The Messel Pit has provided a wealth of fossils that have greatly increased understanding of the Eocene Age. It is a small site approximately 1,000 m long (north to south) and 700 m wide (east to west).
The Eocene ('dawn of new times') epoch (57-36 million years ago) was a remarkable period in the evolution of life on Earth. This was the time when mammals became firmly established in all the principal land ecosystems. They also reinvaded the seas (e.g. whales) and took to the air (e.g. bats). During this period of geological time, North America, Europe and Asia were in continuous land contact and the partial explanation of current distribution patterns is provided by the Eocene fossil record.
The Messel Pit provides the single best site which contributes to the understanding of the middle part of this period. Messel is also exceptional in the quality of preservation, quantity and diversity of fossils. Messel offers fully articulated skeletons and the outline of the entire body as well as feathers, hairs and stomach contents.
The sediments of the Messel formation lie on deposits of 270-290 million-year-old Red Sandstone and crystalline magmatic primary rock outcrops.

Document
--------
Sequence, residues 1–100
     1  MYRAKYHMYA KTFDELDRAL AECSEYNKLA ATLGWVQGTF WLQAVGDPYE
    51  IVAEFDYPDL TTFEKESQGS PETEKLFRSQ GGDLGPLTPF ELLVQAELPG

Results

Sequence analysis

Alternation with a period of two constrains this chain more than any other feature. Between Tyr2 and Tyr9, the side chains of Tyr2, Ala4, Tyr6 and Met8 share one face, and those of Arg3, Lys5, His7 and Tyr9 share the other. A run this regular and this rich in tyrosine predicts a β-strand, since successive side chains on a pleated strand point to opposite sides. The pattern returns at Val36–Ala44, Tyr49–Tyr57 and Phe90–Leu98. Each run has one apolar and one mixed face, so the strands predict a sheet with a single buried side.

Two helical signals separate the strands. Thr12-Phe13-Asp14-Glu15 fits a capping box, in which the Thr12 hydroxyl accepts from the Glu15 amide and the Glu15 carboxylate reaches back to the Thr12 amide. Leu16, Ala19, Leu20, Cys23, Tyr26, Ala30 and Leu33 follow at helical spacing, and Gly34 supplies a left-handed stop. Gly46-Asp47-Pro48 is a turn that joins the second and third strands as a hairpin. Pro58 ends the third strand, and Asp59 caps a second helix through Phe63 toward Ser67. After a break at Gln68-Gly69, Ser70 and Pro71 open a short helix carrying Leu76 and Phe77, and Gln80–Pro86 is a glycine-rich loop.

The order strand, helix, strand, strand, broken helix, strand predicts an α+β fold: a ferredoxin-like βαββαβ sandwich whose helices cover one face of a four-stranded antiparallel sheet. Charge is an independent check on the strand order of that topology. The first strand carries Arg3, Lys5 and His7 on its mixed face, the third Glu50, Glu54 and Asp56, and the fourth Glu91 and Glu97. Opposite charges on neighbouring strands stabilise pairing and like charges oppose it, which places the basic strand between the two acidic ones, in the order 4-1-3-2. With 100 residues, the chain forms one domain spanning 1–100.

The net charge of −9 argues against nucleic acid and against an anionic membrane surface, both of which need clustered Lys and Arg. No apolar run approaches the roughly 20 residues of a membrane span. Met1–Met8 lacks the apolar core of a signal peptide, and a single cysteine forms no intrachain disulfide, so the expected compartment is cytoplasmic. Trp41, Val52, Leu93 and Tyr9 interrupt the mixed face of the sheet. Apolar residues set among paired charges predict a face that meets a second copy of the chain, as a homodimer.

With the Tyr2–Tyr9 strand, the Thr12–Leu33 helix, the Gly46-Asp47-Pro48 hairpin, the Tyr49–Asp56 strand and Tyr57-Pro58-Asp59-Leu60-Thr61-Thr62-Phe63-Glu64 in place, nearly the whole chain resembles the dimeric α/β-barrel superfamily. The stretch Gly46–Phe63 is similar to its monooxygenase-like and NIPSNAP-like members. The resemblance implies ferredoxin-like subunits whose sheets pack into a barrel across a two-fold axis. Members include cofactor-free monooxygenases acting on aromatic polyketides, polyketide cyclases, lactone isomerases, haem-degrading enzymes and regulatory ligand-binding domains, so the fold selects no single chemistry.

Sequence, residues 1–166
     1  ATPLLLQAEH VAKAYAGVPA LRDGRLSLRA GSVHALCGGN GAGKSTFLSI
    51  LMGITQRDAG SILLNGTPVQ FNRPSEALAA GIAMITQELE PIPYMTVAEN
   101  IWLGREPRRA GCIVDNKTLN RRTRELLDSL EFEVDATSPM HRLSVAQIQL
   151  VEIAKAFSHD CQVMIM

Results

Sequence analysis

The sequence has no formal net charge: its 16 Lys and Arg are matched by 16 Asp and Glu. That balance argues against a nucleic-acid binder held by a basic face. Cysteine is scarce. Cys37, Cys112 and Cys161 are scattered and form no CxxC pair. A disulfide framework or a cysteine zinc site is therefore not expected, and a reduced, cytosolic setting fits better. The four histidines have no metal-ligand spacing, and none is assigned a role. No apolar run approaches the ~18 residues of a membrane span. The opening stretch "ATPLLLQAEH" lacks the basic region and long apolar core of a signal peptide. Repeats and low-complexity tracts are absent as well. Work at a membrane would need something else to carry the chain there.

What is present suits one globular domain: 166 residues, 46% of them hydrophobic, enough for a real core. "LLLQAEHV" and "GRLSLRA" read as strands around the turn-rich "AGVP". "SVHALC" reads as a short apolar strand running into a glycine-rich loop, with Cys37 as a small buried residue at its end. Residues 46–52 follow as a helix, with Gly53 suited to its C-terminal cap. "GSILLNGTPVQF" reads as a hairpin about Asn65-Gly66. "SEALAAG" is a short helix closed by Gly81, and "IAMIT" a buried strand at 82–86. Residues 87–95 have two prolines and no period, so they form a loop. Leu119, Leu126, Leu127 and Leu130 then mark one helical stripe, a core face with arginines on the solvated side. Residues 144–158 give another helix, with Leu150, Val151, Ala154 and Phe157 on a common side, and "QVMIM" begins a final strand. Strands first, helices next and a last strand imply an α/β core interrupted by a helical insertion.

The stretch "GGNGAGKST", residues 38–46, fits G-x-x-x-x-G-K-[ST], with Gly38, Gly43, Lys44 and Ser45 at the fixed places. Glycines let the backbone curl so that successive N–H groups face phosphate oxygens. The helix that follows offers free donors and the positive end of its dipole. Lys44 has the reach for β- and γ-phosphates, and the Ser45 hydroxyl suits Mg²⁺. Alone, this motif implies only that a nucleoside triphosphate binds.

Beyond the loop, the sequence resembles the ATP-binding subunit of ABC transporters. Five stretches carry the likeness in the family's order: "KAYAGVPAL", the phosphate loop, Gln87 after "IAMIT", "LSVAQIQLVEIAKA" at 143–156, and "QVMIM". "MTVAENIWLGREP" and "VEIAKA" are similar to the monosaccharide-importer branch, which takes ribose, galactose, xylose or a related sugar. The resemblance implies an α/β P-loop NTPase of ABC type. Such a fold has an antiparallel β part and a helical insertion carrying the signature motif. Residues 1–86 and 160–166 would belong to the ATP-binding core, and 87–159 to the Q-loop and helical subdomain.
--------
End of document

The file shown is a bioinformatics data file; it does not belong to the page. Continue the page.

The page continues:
During the Eocene epoch, subsidence along faults in the Earth's crust led to the formation of a lake basin. The gradual subsidence of old sediments resulted in the formation of new sediments above them, and over time immense deposits accumulated. The oil-shale bed at Messel originally extended to a depth of 190 m. The subsidence of the deposits preserved them from erosion. Outcrops of older seams from the Eocene succession are found on the slopes of the pit. The location of the Eocene Lake Messel lay south of its present position. This accounts for the site appearing to have had a tropical to subtropical climate.
The fossils found here are providing a unique insight into an early stage of mammal, evolution when many of the basic steps in diversification were being achieved. But mammals were not the only component of the fauna - birds, reptiles, fish, insects and plant remains all contribute to an extraordinary fossil assemblage.
In terms of fossil localities which provide a window into the Eocene Age, Messel is the best and most productive example discovered to date. In contrast to other fossil sites that are marine, Messel can be considered as the single best 'classic' locality snapshot of life as it was in the Eocene. It has been identified as one of the four most significant fossil sites in the world by several senior palaeontologists.